A friend of mine messaged me the other day. Even though they’ve been in the technology industry for awhile, they just recently landed their first engineering job. So, with this first job, they’re feeling pressure to look like they know what they’re doing and they’re worried that, by asking questions, their coworkers will find them out and they’ll be told they should just leave the tech industry.
Have you ever had this fear? I know I have. The times I’ve had this fear of being kicked out, of being ostracized, haven’t usually been about writing code but about things that around it: job interviews, giving talks, or teaching topics I’m not intimately familiar with. I’m going to be found out; someone will realize I’m just a self-taught faker and refuse to work with me. I’ve also experienced it in places that are outside of technology, as I’m sure you all have too. Oh no, what if my friend finds out I’m not as sushi savvy as they are?! Will they still want to be my friend?
Not knowing something doesn’t make you a bad programmer. It doesn’t mean you shouldn’t be in technology or writing code. And it absolutely doesn’t make you an impostor. But what can you do when you run into a wall, need help, but you’re still scared to ask questions? Here are some of my favorite ways to find solutions on my own.
Not knowing something doesn’t make you a bad programmer. It doesn’t mean you shouldn’t be in technology or writing code. And it absolutely doesn’t make you an impostor.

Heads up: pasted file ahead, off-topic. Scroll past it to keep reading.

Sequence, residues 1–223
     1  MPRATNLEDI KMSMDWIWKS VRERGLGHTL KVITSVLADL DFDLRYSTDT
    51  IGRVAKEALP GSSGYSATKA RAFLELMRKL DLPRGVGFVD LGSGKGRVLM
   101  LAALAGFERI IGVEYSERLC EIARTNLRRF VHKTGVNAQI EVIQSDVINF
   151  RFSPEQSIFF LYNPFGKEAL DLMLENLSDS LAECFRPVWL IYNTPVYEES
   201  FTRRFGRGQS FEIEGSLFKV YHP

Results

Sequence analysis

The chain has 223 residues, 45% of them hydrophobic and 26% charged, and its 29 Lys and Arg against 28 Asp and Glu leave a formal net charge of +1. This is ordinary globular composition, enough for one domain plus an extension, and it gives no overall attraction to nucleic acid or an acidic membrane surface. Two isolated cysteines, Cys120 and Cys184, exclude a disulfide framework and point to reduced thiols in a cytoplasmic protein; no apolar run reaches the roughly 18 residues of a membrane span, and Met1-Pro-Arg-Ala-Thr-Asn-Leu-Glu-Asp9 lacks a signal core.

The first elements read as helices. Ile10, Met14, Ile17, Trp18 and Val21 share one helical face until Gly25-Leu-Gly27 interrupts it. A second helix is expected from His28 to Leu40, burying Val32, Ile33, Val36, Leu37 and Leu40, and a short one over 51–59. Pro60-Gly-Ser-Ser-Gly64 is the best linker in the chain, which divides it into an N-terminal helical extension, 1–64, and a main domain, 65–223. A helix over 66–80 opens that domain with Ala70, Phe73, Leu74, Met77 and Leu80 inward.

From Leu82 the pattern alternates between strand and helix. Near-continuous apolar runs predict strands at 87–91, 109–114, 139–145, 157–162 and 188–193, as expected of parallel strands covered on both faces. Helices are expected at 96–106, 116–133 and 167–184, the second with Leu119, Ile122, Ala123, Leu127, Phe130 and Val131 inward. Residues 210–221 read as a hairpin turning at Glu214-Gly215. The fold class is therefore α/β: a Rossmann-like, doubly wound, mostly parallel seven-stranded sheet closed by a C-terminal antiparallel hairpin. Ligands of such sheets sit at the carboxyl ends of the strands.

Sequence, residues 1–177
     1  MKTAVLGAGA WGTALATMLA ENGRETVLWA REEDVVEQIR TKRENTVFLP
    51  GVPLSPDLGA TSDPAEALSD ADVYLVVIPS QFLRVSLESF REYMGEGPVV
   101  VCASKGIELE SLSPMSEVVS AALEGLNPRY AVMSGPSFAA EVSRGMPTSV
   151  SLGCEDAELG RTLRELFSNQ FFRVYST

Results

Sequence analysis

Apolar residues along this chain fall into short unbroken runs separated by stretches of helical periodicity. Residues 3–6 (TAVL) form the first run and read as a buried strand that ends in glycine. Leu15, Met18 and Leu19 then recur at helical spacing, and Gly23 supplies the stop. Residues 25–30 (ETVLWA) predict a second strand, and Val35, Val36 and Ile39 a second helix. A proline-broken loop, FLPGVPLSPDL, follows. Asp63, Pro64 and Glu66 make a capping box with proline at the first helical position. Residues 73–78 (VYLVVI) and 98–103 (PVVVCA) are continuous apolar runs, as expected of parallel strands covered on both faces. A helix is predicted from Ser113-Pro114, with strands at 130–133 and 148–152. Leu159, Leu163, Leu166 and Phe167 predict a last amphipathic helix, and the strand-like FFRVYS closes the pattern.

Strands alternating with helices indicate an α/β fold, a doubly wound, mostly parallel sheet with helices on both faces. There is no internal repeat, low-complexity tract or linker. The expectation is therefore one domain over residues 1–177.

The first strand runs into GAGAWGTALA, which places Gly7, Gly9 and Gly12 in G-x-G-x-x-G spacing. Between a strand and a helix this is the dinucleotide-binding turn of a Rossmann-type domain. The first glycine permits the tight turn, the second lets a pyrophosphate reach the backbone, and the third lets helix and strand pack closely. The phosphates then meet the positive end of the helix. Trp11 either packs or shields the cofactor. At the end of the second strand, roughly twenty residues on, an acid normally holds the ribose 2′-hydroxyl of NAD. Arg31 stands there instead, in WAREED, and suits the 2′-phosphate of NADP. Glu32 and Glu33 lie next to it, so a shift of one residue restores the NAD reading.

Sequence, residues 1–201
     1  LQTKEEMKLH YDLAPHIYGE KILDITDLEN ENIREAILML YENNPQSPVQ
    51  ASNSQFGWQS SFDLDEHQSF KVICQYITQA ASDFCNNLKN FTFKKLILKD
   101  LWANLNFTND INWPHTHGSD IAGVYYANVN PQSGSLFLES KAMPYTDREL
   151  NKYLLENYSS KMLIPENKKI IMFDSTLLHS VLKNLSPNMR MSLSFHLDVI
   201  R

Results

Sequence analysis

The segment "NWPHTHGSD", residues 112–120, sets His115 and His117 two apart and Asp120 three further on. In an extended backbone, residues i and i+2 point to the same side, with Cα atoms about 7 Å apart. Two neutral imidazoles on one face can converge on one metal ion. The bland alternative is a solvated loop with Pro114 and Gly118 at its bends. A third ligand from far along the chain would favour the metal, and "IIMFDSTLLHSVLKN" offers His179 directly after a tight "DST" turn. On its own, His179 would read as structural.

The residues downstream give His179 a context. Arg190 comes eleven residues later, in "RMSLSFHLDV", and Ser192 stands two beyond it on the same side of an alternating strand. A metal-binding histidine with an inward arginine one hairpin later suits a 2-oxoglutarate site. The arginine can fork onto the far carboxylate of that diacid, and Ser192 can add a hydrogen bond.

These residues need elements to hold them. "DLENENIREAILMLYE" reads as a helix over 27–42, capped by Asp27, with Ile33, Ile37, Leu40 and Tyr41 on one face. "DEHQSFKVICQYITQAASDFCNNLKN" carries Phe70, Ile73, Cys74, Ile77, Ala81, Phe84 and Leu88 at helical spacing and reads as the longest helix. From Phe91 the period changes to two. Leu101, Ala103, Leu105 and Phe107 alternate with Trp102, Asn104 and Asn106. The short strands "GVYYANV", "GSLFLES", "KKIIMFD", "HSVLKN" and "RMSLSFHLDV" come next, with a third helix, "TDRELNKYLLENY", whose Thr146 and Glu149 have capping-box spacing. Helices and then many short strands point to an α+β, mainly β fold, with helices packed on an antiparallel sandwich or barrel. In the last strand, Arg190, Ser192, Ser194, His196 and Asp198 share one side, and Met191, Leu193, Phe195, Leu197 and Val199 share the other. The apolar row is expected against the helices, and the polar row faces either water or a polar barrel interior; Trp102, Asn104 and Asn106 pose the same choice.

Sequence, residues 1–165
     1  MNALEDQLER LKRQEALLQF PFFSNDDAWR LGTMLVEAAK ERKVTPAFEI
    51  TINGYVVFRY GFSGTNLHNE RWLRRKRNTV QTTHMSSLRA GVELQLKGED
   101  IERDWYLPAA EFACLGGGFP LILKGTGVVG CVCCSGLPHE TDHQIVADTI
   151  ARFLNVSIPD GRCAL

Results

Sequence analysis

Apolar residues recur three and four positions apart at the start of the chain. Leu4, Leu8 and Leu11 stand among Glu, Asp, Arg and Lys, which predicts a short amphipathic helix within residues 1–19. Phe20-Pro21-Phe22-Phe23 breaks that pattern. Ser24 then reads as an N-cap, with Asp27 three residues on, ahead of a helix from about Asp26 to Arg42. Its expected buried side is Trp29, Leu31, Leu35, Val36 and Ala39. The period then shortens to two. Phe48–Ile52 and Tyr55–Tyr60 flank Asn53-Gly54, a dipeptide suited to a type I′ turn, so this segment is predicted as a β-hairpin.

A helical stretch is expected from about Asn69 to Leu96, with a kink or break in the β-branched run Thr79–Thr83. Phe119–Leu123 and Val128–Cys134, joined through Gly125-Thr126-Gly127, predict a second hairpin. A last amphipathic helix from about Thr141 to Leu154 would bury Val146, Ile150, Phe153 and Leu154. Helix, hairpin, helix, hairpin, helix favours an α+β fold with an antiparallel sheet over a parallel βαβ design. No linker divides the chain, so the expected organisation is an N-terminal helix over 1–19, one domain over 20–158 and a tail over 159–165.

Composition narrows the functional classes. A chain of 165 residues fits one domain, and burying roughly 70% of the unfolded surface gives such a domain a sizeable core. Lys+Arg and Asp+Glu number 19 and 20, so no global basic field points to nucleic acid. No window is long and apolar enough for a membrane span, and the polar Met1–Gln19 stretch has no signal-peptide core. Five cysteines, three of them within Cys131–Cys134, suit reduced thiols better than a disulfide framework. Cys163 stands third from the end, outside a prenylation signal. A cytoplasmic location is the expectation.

The CHALTS Checklist
I first saw this acronym in a tweet and it’s presented as a checklist for when you’re feeling emotional. But, honestly, don’t you feel pretty emotional when you just can’t get past that one problem? I know I do. So, before you start telling yourself that you’re stupid, check these six conditions to make sure you’re in a good problem-solving mindset.
- Cold – It’s hard to think when you’re physically uncomfortable. If you’re cold, put on a sweater or socks. If you’re hot, get a fan or go somewhere cooler. I’d say this applies to where you’re working and how you’re sitting or standing, too. Make sure you’re stressing yourself with pain or discomfort as little as possible.
- Hungry – Your brain needs calories to work. Get something to eat or drink, even something small, to give yourself a little boost of energy. I know I’ve had so many problems that I just couldn’t solve until I had a few nuts or some gummy bears (a guilty pleasure), and then the pieces slid together so much easier. Along with this, drink some water. Keeping yourself hydrated will help with reducing physical discomfort and help you keep your mind on the task at hand.
- Angry – Repeatedly running into brick walls will make even the most peaceful of us start to see red eventually. I know, personally, I start to see a problem I can’t solve as an enemy. I get, literally, mad at the function that won’t return the correct output or the sentence that I just can’t seem to get right. If your emotions have started to run away with you, you won’t be able to think your problem through. Take a break, do something fun, and get yourself centered.